Equanimity and Change

Mindfulness practice involves two primary intentions: awareness and equanimity. Awareness is clear, open attention to your present experience. Equanimity means fully accepting your experience in the present moment. Practicing equanimity will eventually eliminate suffering. (It won’t always eliminate pain but it will eliminate the suffering that arises from resisting the pain.)

When I talk about equanimity practice someone often raises the following objection: “I can’t always accept my experiences. I can’t just sit like a bump on a log or become a doormat for others to trample on; sometimes I need to take charge and make changes in my life!”

Equanimity practice is very liberating, but it’s often misunderstood, so let’s address the very important question of how the practice relates to making changes in your life.

Equanimity means accepting your immediate experience of life in this moment. It does not necessarily mean accepting someone else’s beliefs or predictions. Equanimity does not necessarily mean accepting your own beliefs or predictions.

For example, imagine your doctor tells you that you have a particular disease and have only six months to live. Practicing equanimity does not necessarily mean that you must believe that prognosis. Equanimity means accepting the fact that you’ve been given this information, and it means accepting all of the feelings that you experience when you heard these words. But it does not negate the possibility of getting a second opinion; and it does not negate the possibility of taking action to try to remedy the condition.

The only thing you can ever truthfully say about the future is that “nobody knows for sure.” Equanimity practice is not about the future; it’s always about the present.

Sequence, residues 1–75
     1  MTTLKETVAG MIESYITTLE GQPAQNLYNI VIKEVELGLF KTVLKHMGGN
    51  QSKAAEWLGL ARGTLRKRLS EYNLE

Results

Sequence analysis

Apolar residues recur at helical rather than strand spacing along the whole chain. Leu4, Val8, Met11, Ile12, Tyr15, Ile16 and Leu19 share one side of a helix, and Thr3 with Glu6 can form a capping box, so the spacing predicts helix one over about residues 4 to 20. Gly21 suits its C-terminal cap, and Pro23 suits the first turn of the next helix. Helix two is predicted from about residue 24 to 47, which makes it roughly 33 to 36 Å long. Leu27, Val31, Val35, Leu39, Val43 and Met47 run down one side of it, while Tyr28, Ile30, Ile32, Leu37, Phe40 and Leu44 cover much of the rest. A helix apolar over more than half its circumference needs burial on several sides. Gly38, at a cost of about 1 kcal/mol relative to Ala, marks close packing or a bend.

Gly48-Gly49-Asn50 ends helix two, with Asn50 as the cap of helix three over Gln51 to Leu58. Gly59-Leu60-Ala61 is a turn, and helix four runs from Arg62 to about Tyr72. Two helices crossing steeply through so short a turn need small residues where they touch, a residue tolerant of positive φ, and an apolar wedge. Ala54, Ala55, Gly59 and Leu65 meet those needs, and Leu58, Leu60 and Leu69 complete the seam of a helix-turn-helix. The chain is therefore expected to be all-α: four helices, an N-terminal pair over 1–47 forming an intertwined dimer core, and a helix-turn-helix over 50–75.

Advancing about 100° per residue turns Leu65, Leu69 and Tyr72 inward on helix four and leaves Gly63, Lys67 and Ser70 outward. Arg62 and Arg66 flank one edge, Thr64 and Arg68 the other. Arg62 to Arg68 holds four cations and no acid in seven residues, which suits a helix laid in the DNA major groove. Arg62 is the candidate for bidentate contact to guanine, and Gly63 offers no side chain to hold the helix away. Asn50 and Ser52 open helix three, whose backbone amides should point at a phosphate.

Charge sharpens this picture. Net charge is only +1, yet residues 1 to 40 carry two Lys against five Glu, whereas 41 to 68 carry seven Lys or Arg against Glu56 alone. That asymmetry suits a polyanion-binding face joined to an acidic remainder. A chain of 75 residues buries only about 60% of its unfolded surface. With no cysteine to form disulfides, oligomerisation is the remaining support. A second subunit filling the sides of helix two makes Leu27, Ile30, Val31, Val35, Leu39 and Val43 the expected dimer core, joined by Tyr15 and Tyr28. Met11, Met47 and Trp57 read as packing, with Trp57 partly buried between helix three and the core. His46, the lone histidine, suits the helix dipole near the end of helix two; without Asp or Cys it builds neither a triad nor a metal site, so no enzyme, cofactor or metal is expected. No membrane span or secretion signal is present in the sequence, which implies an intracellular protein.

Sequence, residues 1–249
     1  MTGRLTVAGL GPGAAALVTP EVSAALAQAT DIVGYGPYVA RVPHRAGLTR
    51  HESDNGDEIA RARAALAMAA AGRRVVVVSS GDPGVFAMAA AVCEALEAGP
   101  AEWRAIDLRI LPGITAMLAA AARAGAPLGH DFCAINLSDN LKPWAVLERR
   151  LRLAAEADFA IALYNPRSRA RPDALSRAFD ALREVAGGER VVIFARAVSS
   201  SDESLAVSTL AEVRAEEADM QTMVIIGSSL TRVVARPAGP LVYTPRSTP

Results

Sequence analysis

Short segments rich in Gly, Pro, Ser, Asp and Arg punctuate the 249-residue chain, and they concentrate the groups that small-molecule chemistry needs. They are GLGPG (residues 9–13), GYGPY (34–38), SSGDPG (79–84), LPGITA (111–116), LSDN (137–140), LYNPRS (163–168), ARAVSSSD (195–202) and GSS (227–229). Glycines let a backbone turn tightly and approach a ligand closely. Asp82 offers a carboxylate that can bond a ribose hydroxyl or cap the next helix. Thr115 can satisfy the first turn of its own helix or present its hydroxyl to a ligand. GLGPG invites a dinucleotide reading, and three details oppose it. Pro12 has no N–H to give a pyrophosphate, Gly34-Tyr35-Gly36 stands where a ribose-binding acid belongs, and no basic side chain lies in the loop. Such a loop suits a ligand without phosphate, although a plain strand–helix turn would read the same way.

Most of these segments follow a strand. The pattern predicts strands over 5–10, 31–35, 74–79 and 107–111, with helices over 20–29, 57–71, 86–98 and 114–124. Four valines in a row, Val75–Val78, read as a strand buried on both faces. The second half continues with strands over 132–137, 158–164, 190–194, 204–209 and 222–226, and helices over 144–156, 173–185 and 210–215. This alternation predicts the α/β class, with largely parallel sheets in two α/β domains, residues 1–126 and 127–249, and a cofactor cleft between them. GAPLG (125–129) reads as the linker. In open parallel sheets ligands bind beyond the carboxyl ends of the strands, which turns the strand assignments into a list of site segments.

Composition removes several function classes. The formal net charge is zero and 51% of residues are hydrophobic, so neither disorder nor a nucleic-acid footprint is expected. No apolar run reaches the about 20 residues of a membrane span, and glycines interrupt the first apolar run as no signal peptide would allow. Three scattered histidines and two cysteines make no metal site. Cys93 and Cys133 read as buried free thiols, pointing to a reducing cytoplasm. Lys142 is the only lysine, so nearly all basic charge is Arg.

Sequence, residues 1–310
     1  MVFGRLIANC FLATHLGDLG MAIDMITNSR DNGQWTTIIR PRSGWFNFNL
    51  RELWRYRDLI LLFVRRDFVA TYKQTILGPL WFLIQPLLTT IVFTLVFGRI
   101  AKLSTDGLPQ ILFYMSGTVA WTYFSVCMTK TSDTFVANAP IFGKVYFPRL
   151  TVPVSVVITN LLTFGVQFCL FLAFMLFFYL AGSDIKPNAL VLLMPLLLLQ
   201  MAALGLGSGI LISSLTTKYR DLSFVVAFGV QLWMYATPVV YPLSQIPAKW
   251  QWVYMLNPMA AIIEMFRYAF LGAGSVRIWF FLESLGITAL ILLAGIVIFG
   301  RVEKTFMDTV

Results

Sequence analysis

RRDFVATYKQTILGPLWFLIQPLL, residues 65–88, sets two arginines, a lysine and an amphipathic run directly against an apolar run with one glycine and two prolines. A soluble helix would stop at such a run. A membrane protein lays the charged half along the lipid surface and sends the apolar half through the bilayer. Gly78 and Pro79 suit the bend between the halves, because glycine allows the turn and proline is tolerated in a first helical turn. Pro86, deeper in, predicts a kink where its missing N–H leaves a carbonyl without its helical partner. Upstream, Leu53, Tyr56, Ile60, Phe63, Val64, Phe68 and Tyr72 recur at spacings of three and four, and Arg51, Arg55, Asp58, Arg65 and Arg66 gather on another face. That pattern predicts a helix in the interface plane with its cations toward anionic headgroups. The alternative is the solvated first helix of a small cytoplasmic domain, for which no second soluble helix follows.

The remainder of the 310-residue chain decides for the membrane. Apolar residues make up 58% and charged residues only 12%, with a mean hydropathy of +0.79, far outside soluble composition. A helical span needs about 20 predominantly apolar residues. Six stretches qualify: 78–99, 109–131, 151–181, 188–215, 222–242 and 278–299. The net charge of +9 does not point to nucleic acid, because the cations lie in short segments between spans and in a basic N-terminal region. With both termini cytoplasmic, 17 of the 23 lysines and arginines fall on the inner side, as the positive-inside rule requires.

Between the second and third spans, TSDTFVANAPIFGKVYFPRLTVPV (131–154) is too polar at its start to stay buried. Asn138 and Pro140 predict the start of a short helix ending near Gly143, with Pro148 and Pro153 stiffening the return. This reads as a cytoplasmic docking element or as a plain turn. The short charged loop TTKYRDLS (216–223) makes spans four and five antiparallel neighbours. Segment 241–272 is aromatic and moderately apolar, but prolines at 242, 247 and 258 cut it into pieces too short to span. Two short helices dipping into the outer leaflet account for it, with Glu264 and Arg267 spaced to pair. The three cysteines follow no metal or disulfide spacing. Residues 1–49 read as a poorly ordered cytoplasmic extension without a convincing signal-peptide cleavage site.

Equanimity doesn’t mean that you should not take action; it simply means that your actions arise from a state of equanimity rather than from a state of resistance. With equanimity you can act from a clear mind and an open heart rather than from craving or resistance. When you act from suffering you perpetuate suffering. When you act from equanimity you create the opportunity to eliminate suffering… that of others as well as your own.

For example, if you believe you have been insulted by another person then you may or may not choose respond to that person. What’s crucial is that your decision to respond or not arises from equanimity rather than from anger or fear.

From a state of equanimity, if you choose not to respond your choice is based on your perception that a response would not be necessary or helpful at this time. This is very different from choosing not to respond because you are afraid, or would feel guilty or because you are spitefully giving someone the “silent treatment.”

Conversely, if you do choose to speak to this person then you would do so with a clear mind and an open heart and without attachment to any particular result. You may choose to respond from a desire to improve your relationship with the other person or to make a clear statement about what is unacceptable behavior for you.

Another example: suppose you experience sensations of hunger in your body. Practicing equanimity does not necessarily mean that you don’t get something to eat to assuage your hunger; but it does mean that you don’t automatically and unconsciously put food in your mouth in response to the hunger. Having equanimity with these sensations in your body allows you to better choose what food (and how much) your body really needs at this time.

As you practice equanimity a while you may see an interesting phenomenon occur: very often things will change—and usually in a positive way—if you simply allow life to unfold naturally with little intervention on your part. Very often the outcome will be much better than you could have accomplished personally, even with great effort and struggle.

A Taoist might put it thusly:

The Tao of heaven does not strive, and yet it overcomes.

It does not speak, and yet it is answered.

It does not ask, yet it is supplied with all its needs.

It seems at ease, and yet it follows a plan.[1]


[1] Lao Tsu. Tao Te Ching. Gia-Fu Feng and Jane English trans. 73.